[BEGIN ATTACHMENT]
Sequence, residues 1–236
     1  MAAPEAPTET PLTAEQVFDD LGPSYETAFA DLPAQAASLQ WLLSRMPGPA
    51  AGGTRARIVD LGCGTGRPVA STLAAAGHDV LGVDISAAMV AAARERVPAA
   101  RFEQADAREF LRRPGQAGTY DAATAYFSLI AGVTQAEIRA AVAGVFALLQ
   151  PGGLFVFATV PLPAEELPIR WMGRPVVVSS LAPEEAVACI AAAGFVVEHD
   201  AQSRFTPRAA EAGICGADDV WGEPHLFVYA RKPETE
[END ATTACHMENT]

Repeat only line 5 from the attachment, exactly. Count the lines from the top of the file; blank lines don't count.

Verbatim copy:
   151  PGGLFVFATV PLPAEELPIR WMGRPVVVSS LAPEEAVACI AAAGFVVEHD